As a side benefit, easier year-over-year comparisons will lift sentiment for equities and add to an expansion of price-to-earnings (P/E) ratios, often a green light for higher stock prices.  

The Magnificent 7 will be driven by only six of its constituents. Apple (AAPL) will spend 2024 on the sidelines. Of course, Apple will remain one of the most important companies in the world, but I expect the stock will be range-bound in 2024. The reason is simple: There is no catalyst to jumpstart growth for the foreseeable future. Even the rumor mill is perilously thin with nothing firm on a time frame for a foldable phone, much less an Apple car.  

Sales and earnings at Apple are off from last year, and flattish over 2021. Without a game-changing product to give a jolt to earnings, I expect little from the stock in 2024. 

Tesla will rise, again. Tesla (TSLA) is on pace to roughly double in 2023 which begs the question about whether or not there’s any gas left in the tank, or more accurately, spark left in the battery.  

The conflicting tides in the electric vehicle (EV) market – global imperatives versus EVs piling up on dealer lots – make the outlook for TSLA confusing. Still, I think Tesla shares will rise further in 2024.  

Part of the argument rests with an expanding market, despite some choppiness right now. Not only is the market growing, but Tesla is well-positioned to take share from other EV manufacturers based on its design and technology leadership. Analyst estimates for full-year sales and earnings project growth of 21% and 22%, respectively.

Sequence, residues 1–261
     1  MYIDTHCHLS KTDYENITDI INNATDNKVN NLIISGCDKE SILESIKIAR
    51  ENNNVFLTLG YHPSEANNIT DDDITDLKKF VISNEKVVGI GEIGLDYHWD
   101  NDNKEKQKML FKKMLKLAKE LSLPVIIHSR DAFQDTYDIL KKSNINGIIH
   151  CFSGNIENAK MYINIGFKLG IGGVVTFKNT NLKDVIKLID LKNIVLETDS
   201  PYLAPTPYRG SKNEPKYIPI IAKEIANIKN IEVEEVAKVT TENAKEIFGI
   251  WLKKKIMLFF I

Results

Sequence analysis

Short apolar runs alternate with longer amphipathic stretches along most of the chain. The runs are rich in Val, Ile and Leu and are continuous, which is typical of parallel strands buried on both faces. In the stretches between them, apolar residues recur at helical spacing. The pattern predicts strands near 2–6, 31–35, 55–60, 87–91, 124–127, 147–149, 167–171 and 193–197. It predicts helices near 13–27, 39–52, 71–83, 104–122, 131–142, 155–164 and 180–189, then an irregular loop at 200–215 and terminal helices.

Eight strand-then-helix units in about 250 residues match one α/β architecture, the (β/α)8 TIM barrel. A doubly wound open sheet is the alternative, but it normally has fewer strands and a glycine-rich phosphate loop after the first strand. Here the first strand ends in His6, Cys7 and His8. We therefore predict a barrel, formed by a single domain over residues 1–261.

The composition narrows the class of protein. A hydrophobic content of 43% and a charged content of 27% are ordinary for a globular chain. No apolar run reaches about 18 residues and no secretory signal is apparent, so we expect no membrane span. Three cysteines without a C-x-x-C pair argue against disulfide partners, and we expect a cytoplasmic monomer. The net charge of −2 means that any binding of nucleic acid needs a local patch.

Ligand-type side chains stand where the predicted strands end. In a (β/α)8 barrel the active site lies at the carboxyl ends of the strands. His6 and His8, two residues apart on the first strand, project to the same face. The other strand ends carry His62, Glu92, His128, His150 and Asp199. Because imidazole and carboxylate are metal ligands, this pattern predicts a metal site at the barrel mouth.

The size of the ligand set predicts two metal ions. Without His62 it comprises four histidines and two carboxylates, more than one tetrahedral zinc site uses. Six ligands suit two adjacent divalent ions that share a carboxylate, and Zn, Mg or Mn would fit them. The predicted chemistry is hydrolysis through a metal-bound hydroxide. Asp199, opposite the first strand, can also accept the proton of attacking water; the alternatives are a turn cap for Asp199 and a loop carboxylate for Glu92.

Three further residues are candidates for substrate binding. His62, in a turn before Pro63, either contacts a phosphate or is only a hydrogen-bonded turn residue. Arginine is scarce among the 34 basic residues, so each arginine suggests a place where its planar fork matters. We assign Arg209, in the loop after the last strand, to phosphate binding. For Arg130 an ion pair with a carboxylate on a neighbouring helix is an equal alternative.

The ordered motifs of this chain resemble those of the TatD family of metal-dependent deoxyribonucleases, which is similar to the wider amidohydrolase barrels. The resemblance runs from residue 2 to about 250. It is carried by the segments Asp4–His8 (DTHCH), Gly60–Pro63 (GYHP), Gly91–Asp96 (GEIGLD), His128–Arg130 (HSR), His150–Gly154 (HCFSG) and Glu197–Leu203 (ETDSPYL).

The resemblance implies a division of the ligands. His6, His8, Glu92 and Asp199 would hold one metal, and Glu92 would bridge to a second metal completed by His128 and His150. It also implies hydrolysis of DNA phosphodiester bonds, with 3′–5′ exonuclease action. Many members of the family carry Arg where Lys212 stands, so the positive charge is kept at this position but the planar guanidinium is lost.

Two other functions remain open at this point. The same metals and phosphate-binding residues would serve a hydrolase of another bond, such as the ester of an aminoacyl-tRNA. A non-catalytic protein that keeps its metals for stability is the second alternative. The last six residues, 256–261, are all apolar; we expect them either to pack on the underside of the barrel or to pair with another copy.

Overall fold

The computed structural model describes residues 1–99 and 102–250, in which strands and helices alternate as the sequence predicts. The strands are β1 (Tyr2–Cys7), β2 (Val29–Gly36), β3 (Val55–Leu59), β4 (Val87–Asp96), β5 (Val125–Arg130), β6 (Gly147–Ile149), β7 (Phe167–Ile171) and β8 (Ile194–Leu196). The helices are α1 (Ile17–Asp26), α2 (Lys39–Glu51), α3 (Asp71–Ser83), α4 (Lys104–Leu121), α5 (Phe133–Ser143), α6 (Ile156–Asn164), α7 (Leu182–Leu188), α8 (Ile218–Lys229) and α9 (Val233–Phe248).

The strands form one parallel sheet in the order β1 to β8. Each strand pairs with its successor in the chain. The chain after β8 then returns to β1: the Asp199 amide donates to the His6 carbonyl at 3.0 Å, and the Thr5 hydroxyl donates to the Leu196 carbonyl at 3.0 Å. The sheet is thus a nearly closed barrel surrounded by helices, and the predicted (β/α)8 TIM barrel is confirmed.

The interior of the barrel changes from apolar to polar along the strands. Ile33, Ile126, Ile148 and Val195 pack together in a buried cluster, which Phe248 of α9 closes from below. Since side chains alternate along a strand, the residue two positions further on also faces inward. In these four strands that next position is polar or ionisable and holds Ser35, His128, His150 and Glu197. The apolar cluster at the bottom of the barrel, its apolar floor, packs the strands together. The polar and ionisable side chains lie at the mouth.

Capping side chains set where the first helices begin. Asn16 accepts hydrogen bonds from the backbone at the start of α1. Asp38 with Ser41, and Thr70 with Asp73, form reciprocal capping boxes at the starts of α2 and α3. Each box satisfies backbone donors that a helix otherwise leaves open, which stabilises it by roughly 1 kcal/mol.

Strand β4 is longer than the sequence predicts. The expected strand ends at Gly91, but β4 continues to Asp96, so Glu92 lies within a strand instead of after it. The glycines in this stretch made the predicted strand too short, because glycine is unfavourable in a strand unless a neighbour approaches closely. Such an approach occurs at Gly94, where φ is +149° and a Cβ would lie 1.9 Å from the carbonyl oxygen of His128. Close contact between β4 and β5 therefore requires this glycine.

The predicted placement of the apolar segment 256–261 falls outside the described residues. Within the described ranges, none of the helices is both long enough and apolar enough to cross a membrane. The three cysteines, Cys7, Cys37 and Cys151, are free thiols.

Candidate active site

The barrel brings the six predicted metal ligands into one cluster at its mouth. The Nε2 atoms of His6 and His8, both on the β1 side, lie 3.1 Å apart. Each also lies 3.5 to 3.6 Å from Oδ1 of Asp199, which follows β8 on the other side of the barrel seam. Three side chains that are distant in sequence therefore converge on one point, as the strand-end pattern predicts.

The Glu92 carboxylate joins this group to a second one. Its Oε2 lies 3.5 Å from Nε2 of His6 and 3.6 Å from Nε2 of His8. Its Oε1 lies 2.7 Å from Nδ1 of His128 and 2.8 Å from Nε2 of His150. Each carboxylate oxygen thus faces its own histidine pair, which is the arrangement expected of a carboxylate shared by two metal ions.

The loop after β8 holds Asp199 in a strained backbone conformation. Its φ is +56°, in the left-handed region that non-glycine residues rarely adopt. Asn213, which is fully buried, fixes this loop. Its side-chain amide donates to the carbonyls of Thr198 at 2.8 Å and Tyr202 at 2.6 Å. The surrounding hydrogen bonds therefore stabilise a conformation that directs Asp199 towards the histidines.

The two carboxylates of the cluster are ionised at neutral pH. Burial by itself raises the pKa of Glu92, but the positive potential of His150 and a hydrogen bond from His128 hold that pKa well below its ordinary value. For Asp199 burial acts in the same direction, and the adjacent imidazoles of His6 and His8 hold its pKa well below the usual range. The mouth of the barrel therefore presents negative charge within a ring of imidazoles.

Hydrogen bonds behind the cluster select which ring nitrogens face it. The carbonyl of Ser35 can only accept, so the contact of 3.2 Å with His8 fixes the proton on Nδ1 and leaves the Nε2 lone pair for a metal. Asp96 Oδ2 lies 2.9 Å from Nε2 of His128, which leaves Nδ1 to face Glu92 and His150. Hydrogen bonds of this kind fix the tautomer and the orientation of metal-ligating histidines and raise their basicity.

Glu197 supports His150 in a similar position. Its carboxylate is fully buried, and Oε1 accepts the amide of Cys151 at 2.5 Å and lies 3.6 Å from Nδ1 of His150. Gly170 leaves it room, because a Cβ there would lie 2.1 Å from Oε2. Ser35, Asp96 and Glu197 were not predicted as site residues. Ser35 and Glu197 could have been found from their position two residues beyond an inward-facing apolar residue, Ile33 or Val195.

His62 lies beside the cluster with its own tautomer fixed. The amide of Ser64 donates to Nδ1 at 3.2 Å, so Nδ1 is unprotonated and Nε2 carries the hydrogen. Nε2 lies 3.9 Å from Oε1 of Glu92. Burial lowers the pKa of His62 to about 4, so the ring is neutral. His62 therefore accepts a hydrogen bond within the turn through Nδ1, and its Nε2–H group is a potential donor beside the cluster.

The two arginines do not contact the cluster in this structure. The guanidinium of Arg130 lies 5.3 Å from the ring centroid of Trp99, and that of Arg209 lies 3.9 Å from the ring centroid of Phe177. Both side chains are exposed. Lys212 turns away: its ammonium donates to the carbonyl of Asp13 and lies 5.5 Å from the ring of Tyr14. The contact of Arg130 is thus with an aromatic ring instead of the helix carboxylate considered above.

Another catalyst is the Cybertruck. To be clear, Cybertruck sales will not make a material contribution to Tesla’s income statement in 2024. But 2025 estimates, which could include more material Cybertruck sales, will work their way into the 2024 outlook and could also act as a catalyst for the stock. 

And the truck market isn’t much ado about nothing. It’s a large and highly profitable segment for vehicle manufacturers. In 2022, three of the five largest-selling vehicles in the United States were trucks. If the Cybertruck provides a meaningful entre to the truck market, Tesla may prove to be ascendant in the EV market. 

America, trucks and Elon Musk, admittedly, make for a hearty brew of emotion, but for better or worse, emotion can drive stock prices, even if they are detached from fundamentals.

Inflation will fall further in 2024. Happily, prices will be coming down, and I suspect they will fall below the Fed’s 2% target. One of the primary reasons for this is that we import a lot of goods from China, and along with that, we are importing the deflation that is occurring in China right now. 

Commodities, finished durable goods and consumer products from China are all falling in price putting downward pressure on prices in the U.S.  Also, rents, which were an influential driver of recent inflation are cooling off.  

Overall, as inflation slows, the greater the likelihood of the Fed reducing the federal funds rate.  When that happens, there will likely be a huge relief rally. But whether or not that translates into positive market gains for 2024, I’m not ready to predict that. Markets are, after all, markets.  

Click here to read the article on Kiplinger.